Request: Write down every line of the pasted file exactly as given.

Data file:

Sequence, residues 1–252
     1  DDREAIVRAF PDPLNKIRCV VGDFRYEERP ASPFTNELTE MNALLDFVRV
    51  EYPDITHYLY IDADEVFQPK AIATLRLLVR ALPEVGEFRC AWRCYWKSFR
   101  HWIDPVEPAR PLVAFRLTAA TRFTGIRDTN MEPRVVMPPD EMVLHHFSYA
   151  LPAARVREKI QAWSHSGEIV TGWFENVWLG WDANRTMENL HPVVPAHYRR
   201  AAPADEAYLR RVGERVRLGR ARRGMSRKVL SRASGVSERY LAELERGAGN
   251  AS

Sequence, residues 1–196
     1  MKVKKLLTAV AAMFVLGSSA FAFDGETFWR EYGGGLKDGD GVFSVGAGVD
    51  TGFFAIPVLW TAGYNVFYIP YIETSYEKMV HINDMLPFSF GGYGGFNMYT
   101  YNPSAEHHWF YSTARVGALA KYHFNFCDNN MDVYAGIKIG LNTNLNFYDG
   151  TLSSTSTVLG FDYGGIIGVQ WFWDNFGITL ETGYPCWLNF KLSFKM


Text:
Sequence, residues 1–252
     1  DDREAIVRAF PDPLNKIRCV VGDFRYEERP ASPFTNELTE MNALLDFVRV
    51  EYPDITHYLY IDADEVFQPK AIATLRLLVR ALPEVGEFRC AWRCYWKSFR
   101  HWIDPVEPAR PLVAFRLTAA TRFTGIRDTN MEPRVVMPPD EMVLHHFSYA
   151  LPAARVREKI QAWSHSGEIV TGWFENVWLG WDANRTMENL HPVVPAHYRR
   201  AAPADEAYLR RVGERVRLGR ARRGMSRKVL SRASGVSERY LAELERGAGN
   251  AS

Sequence, residues 1–196
     1  MKVKKLLTAV AAMFVLGSSA FAFDGETFWR EYGGGLKDGD GVFSVGAGVD
    51  TGFFAIPVLW TAGYNVFYIP YIETSYEKMV HINDMLPFSF GGYGGFNMYT
   101  YNPSAEHHWF YSTARVGALA KYHFNFCDNN MDVYAGIKIG LNTNLNFYDG
   151  TLSSTSTVLG FDYGGIIGVQ WFWDNFGITL ETGYPCWLNF KLSFKM